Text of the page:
upon it; but do not think to strew chaff over the child fresh from God's
presence, and to bring the heavenly colors back to him--at least in this


  [120] Compare Stones of Venice, vol. iii. chap. iii. § 74.

  [121] Taken all in all, the works of Cruikshank have the most
    sterling value of any belonging to this class, produced in England.

  [122] "The notice in Blackwood is still more scurrilous; the
    circumstance of Keats having been brought up a surgeon is the staple
    of the jokes of the piece. He is told 'it is a better and wiser
    thing to be a starved apothecary than a starved poet.'"--_Milnes'
    Life of Keats_, vol. i. p. 200, and compare pp. 193, 194. It may
    perhaps be said that I attach too much importance to the evil of
    base criticism; but those who think so have never rightly understood
    its scope, nor the reach of that stern saying of Johnson's (Idler,
    No. 3, April 29, 1758): "Little does he (who assumes the character
    of a critic) think how many harmless men he involves in his own
    guilt, by teaching them to be noxious without malignity, and to
    repeat objections which they do not understand." And truly, not in
    this kind only, but in all things whatsoever, there is not, to my
    mind, a more woful or wonderful matter of thought than the power of
    a fool. In the world's affairs there is no design so great or good
    but it will take twenty wise men to help it forward a few inches,
    and a single fool can stop it; there is no evil so great or so
    terrible but that, after a multitude of counsellors have taken means
    to avert it, a single fool will bring it down. Pestilence, famine,
    and the sword, are given into the fool's hand as the arrows into the
    hand of the giant: and if he were fairly set forth in the right
    motley, the web of it should be sackcloth and sable; the bells on
    his cap, passing balls; his badge, a bear robbed of her whelps; and
    his bauble, a sexton's spade.

  [123] By the way, this doubt of the possibility of an emperor's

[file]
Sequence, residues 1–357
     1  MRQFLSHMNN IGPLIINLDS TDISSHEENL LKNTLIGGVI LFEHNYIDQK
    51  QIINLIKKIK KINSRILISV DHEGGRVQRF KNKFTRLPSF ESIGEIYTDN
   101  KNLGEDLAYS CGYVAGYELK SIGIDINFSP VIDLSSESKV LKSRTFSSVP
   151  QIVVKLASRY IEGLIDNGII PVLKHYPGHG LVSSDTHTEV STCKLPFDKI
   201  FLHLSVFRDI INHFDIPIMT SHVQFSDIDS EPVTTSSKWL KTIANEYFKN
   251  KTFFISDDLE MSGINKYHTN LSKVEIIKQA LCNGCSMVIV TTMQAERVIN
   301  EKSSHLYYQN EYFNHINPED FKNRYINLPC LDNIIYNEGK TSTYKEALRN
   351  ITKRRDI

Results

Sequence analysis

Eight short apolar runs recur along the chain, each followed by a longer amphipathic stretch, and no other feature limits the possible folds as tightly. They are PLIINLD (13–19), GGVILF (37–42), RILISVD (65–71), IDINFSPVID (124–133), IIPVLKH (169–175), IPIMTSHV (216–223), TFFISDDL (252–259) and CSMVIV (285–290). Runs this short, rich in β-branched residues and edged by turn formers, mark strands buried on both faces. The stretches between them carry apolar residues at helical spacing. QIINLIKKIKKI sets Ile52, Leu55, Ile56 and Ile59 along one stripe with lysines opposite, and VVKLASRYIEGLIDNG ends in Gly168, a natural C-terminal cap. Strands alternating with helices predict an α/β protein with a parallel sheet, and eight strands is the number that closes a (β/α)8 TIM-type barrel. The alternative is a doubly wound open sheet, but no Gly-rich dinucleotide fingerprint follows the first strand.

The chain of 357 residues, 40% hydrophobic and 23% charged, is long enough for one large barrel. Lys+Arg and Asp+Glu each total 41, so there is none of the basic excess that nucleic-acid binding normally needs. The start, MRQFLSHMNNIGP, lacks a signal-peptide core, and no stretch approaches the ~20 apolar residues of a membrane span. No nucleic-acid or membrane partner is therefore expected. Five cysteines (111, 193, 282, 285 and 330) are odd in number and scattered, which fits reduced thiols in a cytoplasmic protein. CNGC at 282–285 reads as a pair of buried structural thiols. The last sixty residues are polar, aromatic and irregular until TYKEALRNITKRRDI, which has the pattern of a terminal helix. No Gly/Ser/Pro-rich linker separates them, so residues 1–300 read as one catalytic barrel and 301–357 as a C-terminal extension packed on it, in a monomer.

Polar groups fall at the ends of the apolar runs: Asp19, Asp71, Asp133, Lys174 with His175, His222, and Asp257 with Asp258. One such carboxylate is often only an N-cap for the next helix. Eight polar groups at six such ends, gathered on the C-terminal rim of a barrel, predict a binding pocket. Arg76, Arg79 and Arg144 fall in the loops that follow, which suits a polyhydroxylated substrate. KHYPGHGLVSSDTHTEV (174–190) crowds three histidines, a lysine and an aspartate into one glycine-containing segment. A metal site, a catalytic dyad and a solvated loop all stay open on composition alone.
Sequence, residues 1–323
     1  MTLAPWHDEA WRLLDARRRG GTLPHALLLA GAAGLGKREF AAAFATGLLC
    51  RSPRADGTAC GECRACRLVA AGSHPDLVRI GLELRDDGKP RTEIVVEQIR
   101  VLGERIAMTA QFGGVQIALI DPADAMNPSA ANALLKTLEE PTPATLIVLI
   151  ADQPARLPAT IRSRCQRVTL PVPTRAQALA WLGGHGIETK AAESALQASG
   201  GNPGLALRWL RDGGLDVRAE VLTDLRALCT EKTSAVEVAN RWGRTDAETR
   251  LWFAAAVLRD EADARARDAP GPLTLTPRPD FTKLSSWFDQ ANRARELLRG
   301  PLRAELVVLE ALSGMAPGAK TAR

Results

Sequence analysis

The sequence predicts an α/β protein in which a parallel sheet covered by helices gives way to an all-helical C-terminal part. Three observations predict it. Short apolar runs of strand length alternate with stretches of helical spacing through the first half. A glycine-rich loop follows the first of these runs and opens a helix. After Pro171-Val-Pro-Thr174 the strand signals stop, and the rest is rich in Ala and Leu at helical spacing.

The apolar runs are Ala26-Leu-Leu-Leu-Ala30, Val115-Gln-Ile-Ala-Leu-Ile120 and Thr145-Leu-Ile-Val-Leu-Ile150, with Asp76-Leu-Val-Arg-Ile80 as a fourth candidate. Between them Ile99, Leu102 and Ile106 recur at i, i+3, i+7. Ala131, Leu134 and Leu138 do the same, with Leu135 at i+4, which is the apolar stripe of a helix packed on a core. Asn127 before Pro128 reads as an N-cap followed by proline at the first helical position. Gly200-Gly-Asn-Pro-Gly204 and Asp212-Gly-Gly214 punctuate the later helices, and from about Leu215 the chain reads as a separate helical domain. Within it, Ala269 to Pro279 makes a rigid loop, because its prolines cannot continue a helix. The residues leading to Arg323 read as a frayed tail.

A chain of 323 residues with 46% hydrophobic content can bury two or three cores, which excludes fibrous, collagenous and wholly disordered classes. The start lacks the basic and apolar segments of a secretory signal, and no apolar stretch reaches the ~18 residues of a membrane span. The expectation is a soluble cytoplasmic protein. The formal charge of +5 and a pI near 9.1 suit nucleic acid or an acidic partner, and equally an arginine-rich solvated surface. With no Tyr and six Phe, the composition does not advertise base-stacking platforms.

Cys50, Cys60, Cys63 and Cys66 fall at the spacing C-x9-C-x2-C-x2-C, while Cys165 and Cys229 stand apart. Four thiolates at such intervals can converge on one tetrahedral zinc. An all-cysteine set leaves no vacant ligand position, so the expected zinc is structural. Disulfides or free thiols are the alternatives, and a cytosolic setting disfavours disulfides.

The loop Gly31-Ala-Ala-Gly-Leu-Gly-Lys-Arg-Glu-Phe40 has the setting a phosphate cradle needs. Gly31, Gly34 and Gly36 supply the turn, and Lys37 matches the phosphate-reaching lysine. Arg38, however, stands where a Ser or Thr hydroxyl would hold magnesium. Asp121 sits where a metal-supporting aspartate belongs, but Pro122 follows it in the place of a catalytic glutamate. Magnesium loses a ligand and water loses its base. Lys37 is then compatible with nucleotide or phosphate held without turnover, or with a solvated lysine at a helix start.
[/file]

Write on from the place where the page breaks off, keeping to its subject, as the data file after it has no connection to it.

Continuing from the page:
death till he _proves_ it, is a curious fact in the history of
    Scottish metaphysics in the nineteenth century.

  [124] The following extract from my diary refers to the only
    instance in which I remember any appearance of a spring, or welling
    of water through inner fissures, in the aiguilles.

    "20th August. Ascended the moraine till I reached the base of
    Blaitière; the upper part of the moraine excessively loose and edgy;
    covered with fresh snow: the rocks were wreathed in mist, and a
    light sleet, composed of small grains of kneaded snow, kept beating
    in my face; it was bitter cold too, though the thermometer was at
    43°, but the wind was like that of an English December thaw. I got
    to the base of the aiguille, however, one of the most grand and
    sweeping bits of granite I have ever seen; a small gurgling
    streamlet, escaping from a fissure not wide enough to let in my
    hand, made a strange hollow ringing in the compact rock, and came
    welling out over its ledges with the sound, and successive wave, of
    water out of a narrow-necked bottle, covering the rock with ice
    (which must have been frozen there last night) two inches thick. I
    levelled the Breven top, and found it a little beneath me; the
    Charmoz glacier on the left, sank from the moraine in broken
    fragments of nevè, and swept back under the dark walls of the
    Charmoz, lost in cloud."

  [125] If these two unlucky words get much more hold in the language,
    we shall soon have our philosophers refusing to call their dinner
    "dinner," but speaking of it always as their "objective appetite."


       *       *       *       *       *


Page 31: 'his insistence upon this' corrected from 'insistance.'

Page 45: 'for in utter darkness the distinction is not visible' changed
         from 'darknes.'

Page 52: 'sharks, slugs, bones, fungi, frogs' originally 'fogs.'

Page 60: 'sitting about three yards from a bookcase' changed from 'yard.'

Page 89: 'We imagine the Deity in like manner' originally 'maner.'

Page 143: 'whatever their material may be,--tilted slightly up' changed
          from 'tited.'

Page 155: 'action actually taking place' corrected from 'palce.'

Page 185: 'which in its beautifully curved outline)' extra ')' removed.

Page 261: 'it seems partly to rebuke, and partly to guard'corrected from
          'and party.'

Page 279: 'partly of their own own gravity' removed duplicate 'own.'

Page 284: (footnote [91]) 'Ce n'est pas c'a' changed to 'Ce n'est pas

Page 291: 'are distinguished from the work of other painters' from
Page 300: 'Shakespere' changed to 'Shakespeare.'

Page 317: CHAPTER XIX start added '1' after the §.

Page 352: 'its direction is illegitimate' from 'illegitmate.'

Page 356: 'Celui qui boira' corrected from 'doira.'

Page 358: 'all its peculiarities are mannerisms' changed from